I awake to an olfactory reveille — a pungent, sweet, spicy aroma — and follow my nose to the kitchen. My husband, Jamie, a sunrise alchemist, is shaking mustard seed into his bubbling cauldron.
“Mmmm,” I murmur and lean in for a better look. Exotic spices swirl around bright orange mango, yellow ginger, raisins, brown sugar, onions and (oooeee!) vinegar — a kaleidoscope of fragrance and color.
Jamie makes the best mango chutney in Maui County. And I say that with complete modesty, because it once won Best of Show at the Maui County Fair. I remember that when Jamie collected his blue ribbon, he was two heads taller than the majority of his competition — and the opposite gender. And he was, well, haole (non-Hawaiian; in his case, Caucasian). Initially he received enough stink eye to last a lifetime when he won the prize, but after trading canning tips and talking story with the local ladies, he won them over, and they attributed him with kama‘āina (native-born) credibility.
Lately at our office, there’s been some debate over the term kama‘āina.
“The literal meaning is ‘child of the land,’ someone born here,” observed consulting editor Rita Goldman. By that criterion, then, my two sons are kama‘āina while I am not, despite having lived here for more than 45 years. Another opinion, please.
“It’s a mental state, a willingness to embrace what is already here,” says one of our writers, who arrived here at the ripe old age of two. “That’s why some people who come here are never considered kama‘āina — they never let go of how they think things should be.” Hmm, getting closer.
I ask our friend Kimokeo Kapahulehua, who is both Native Hawaiian and a respected cultural advisor. “Kama‘āina is someone who fits in,” he says.
“Do you have to be born here?” I ask.
“No, that’s kanaka,” he says. “Love the land and the people — and be respectful. That’s kama‘āina.”
Back in the kitchen, Jamie’s award-winning chutney is ready to jar. I spoon up a small taste and am rewarded with a glorious burst of flavor and bite.
“What do you think kama‘āina is?” I ask my husband as I take another spoonful.
“Maybe it’s like chutney, a blend of opposites that get into a melting pot and make it work,” he suggests.
I consider this idea — a sweet mix of foreign and local, spiked with a bit of vinegar for respect and decide it’s the perfect recipe for present-day.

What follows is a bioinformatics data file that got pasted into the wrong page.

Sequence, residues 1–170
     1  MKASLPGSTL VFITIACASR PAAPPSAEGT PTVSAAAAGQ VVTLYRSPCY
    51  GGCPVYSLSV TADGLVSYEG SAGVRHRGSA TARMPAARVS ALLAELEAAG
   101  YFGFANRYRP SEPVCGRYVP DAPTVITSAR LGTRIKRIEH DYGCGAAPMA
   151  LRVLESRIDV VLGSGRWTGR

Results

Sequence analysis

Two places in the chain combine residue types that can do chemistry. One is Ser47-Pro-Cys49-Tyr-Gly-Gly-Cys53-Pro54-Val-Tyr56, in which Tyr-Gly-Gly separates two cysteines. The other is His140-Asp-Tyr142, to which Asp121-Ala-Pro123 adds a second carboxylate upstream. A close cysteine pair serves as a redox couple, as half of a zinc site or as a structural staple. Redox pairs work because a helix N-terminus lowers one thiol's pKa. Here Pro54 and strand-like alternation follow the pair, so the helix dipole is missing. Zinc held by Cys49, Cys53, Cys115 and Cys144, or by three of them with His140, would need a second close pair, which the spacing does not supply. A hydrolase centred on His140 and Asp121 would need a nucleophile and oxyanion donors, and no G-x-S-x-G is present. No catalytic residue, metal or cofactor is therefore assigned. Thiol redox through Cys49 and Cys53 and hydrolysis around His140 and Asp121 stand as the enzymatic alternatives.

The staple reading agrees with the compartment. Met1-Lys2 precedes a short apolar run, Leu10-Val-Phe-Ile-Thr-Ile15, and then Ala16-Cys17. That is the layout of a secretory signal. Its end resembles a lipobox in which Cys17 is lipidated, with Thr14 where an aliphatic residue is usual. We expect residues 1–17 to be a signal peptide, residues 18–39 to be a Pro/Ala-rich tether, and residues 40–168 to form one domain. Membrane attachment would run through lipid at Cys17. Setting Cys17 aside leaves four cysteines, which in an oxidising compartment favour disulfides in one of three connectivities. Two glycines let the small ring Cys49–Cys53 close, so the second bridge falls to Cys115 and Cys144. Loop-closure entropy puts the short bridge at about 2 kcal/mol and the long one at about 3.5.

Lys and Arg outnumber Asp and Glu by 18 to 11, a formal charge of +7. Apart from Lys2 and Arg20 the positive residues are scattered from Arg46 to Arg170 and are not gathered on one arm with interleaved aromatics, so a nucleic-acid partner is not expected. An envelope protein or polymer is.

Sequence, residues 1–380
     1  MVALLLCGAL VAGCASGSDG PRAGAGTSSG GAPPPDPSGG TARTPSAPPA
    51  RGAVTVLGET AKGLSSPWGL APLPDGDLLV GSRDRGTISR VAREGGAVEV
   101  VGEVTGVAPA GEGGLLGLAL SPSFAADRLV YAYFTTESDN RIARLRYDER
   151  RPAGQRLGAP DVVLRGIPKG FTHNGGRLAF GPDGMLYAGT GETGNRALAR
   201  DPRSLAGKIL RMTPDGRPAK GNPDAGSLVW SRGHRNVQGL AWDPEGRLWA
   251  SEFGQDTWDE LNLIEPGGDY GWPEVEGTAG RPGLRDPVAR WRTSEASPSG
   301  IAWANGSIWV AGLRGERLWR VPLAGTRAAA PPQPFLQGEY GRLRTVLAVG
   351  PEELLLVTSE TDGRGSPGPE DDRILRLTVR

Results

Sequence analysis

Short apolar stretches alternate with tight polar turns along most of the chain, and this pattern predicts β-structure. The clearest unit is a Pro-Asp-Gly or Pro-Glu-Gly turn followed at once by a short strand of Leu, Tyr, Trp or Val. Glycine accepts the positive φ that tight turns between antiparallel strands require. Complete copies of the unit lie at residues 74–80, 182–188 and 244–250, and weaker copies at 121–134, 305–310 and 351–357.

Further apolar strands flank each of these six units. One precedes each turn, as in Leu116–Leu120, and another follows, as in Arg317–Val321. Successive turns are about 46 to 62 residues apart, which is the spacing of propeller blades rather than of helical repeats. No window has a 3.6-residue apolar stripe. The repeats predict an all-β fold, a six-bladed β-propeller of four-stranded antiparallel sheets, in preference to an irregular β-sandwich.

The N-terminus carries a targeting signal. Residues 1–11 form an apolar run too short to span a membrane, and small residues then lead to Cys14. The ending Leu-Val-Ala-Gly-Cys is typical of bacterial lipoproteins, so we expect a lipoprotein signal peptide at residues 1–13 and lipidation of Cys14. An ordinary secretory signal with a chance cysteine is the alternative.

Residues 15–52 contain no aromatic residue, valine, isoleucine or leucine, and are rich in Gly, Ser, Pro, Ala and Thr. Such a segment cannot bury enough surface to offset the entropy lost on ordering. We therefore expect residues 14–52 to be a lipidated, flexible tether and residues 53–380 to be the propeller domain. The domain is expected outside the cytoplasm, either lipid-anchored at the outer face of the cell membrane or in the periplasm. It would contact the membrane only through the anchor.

My generation called America “the great melting pot,” a term that was adopted from a play of the same name first presented in 1908 and written by British author Israel Zangwill, the son of Russian-Jewish immigrants. The play celebrated America’s capacity to absorb and grow from the contributions of its many and varied immigrants who came to our shores from all corners of the Earth, “Ah, what a stirring and a seething! Celt and Latin, Slav and Teuton, Greek and Syrian, black and yellow.” President Theodore Roosevelt is said to have shouted on opening night, “That’s a great play, Mr. Zangwill!”
This year has been, and still remains, a challenging time of hardship and unspeakable loss. But as long as we remember that we’re in this together, we will get through it. Whether your name is Kapahulehua, Zangwill, Roosevelt, McGlashan, Giordani, Tadena, Speere, Barreras, Chun, Goldman, Shalhoub, or even Moonbeam … whether you are kama‘āina or malihini (foreigner, newcomer), one thing is for certain: we need each other.
At the close of our 25th year, my heart is filled with gratitude for all of you — your friendship and your readership. Mahalo nui for allowing us to share the stories of our island melting pot.
Wishing you a kama‘āina Christmas filled with sweetness and spice, respect and love. Mele Kalikimaka and happy holidays to all.
For Jessica Kealoha, a kanaka and child of the land who taught love and respect to every person she touched with every cell of her being. She lived in constant grace.
Parts of this publisher’s note were taken from our October 2009 issue.
A hui hou,
Diane Haynes Woodburn